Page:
Copenhagen Metro: groundwater control in sensitive urban areas

The construction of the Copenhagen Metro commenced in 1997 and the tunnel part in inner Copenhagen was finished in 2002. The metro includes an 8 km long bored twin tunnel, 7 deep stations and 10 emergency shafts. These structures are placed deep into the underlying limestone and well below the groundwater table. A temporary groundwater lowering was unavoidable. The tunnels were constructed by use of earth pressure balanced full face Tunnel Boring Machines (TBMs). Copenhagen is an over 800 years old city founded by the sea. Numerous historical buildings, palaces and other monuments are key attractions for tourists and for the city population. In many parts of the city these structures are founded in fill layers or alternatively on timber piles or other wooden structures that are sensitive to groundwater lowering. The city authorities do not allow any groundwater lowering in the upper aquifers in inner Copenhagen, due to the past record of groundwater lowering induced deterioration of timber piles and settlement damage to inadequately founded buildings. The city authorities are also concerned with the groundwater quality and with the water quality of the harbour and of city lakes. The Frederiksberg municipality, located within the city of Copenhagen, has a local drinking water supply with a catchment area covering a large part of Copenhagen. The water quality within this catchment area is of special concern to both authorities and the public and is therefore closely monitored. In order to provide efficient and economic groundwater control and meet the requirements of the authorities, it was essential to predict the groundwater lowerings that would inevitably occur. Predictions were based on three-dimensional groundwater modelling carried out for both detailed site-specific models and on a regional scale. As many areas were affected by more than one construction site, the predicted values for each site modelled were read back into the regional model. The output from the regional model then provided draw down levels over the entire Copenhagen area. Areas where the draw down was unacceptable could then be identified. The detailed models for the problem areas could then be re-run incorporating discharge reducing measures, such as increased depth of grouting or recharge of groundwater. Modelling was also carried out to show the effect of the construction processes on the groundwater quality. This was a key issue in many of the applications that were needed to obtain permits for tunnelling and construction works from the authorities. Groundwater control was carried out using a combination of cut-off walls and in sensitive areas of recharge of either extracted water or harbour water. Cut-off walls were constructed using secant pile walls and grouting. The optimal depth of the cut-off walls was determined on the basis of the groundwater modelling. Recharge system configuration was similarly designed on the basis of the modelling results. Recharge was carried out by infiltrating harbour water in areas with salty groundwater. In areas with fresh groundwater, extracted groundwater was reinfiltrated after extensive water treatment. Treatment was done to remove iron oxide and fine limestone particles that would otherwise clog filters. The example shows how groundwater control partly based on groundwater modelling helped to meet the challenges posed by a sensitive urban environment and demanding and competent authorities. (A). "Reprinted with permission from Elsevier". For the covering abstract see ITRD E124500.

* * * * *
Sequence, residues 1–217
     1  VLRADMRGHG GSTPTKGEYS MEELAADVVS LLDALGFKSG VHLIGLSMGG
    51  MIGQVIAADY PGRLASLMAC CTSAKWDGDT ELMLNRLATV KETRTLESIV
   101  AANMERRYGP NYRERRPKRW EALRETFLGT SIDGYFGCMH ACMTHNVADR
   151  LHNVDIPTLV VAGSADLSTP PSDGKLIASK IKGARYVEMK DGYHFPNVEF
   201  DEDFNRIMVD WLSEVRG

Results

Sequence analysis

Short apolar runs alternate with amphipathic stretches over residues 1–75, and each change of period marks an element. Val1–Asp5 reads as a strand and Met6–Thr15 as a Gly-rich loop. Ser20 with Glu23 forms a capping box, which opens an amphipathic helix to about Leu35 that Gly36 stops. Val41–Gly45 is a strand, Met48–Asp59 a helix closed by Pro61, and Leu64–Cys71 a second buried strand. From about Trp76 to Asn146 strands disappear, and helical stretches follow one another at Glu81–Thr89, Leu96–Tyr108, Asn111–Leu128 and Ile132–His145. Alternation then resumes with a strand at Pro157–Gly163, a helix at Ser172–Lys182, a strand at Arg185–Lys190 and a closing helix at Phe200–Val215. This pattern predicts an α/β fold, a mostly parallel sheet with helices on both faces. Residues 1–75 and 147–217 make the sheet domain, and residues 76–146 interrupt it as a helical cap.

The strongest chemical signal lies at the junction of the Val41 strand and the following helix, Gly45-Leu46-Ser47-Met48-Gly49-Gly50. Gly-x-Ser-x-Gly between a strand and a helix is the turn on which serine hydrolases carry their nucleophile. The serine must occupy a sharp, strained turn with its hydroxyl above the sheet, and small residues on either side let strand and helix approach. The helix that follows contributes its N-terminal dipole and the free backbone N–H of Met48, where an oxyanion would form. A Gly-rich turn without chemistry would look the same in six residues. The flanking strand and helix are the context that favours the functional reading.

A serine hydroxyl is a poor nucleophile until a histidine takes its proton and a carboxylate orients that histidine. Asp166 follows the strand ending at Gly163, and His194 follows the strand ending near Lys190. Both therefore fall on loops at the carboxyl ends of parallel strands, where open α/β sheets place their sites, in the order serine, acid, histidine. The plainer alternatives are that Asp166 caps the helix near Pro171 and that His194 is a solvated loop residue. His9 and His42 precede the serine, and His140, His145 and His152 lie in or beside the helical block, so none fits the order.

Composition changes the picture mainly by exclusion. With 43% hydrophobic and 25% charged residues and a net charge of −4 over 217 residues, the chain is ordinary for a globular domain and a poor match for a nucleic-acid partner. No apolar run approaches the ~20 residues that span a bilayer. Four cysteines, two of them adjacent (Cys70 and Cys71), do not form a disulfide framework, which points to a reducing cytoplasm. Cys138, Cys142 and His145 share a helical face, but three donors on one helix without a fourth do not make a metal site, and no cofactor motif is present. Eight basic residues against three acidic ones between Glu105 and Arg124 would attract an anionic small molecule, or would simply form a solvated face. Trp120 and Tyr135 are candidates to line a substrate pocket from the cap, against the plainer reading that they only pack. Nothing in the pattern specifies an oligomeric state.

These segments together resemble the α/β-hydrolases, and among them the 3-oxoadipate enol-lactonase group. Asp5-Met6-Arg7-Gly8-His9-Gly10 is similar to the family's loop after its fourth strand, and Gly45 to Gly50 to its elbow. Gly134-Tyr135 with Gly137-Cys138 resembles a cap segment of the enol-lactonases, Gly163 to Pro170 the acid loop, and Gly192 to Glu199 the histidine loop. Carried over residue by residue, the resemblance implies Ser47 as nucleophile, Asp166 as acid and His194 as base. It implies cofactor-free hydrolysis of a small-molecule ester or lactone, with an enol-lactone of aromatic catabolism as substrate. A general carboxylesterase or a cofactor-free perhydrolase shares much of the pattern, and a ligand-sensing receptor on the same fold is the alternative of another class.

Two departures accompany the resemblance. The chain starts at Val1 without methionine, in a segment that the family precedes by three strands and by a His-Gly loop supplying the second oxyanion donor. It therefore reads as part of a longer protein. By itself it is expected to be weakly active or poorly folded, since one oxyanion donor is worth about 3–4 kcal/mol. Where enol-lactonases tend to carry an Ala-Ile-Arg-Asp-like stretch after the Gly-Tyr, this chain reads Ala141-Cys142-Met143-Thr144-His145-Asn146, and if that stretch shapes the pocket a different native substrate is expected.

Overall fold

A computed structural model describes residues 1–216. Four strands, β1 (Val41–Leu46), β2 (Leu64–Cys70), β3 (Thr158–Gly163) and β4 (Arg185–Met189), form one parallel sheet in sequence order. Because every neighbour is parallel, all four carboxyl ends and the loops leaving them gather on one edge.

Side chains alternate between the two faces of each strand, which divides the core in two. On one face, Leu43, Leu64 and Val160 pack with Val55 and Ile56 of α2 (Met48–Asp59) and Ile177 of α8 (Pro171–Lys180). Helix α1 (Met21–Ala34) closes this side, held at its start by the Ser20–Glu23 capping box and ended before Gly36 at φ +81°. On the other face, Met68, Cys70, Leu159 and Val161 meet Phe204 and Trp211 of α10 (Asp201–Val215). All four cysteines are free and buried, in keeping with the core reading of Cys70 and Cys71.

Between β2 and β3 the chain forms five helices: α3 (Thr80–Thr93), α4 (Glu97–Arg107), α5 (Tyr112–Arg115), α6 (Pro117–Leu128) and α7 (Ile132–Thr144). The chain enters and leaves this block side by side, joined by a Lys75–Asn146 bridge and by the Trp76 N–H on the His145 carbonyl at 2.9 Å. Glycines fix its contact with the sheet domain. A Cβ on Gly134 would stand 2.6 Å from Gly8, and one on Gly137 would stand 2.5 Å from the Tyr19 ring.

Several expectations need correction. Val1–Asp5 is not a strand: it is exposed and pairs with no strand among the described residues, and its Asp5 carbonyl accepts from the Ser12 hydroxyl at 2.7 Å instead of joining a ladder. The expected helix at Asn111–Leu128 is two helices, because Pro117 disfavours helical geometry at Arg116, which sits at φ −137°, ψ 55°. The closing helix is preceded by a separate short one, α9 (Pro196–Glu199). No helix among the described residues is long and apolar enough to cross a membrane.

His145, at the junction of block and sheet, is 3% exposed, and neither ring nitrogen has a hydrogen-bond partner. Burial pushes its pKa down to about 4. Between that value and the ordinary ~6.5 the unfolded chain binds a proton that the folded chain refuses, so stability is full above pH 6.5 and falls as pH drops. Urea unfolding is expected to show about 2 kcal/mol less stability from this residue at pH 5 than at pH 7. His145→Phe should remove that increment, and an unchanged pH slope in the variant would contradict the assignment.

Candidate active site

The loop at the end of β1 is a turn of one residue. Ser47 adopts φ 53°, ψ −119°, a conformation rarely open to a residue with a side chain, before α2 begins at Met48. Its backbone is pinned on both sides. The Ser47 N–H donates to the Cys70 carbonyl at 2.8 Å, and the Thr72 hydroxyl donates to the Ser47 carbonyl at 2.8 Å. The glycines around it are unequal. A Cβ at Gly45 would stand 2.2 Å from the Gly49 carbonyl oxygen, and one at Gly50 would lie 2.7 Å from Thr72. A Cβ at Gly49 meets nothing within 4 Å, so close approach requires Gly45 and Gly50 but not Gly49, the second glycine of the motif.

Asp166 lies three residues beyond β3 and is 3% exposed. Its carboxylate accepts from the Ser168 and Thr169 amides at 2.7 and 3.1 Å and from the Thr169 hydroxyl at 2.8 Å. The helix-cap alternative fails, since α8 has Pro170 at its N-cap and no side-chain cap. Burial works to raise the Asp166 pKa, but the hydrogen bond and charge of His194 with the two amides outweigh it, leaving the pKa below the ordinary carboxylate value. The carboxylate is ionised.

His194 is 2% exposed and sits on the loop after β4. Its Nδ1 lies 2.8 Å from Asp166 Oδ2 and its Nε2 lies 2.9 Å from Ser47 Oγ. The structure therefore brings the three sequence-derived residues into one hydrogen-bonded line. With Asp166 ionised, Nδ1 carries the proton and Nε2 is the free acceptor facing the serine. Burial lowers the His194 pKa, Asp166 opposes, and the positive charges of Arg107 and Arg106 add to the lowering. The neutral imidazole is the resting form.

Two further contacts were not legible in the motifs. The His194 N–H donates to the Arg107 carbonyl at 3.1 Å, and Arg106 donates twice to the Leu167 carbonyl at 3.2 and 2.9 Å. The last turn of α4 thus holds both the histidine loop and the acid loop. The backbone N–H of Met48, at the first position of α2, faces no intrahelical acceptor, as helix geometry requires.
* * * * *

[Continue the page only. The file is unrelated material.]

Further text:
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  • Authors:
    • BITSCH, K
  • Publication Date: 2004-7


  • English

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  • Accession Number: 01011669
  • Record Type: Publication
  • Source Agency: Transport Research Laboratory
  • Files: ITRD
  • Created Date: Dec 19 2005 3:24PM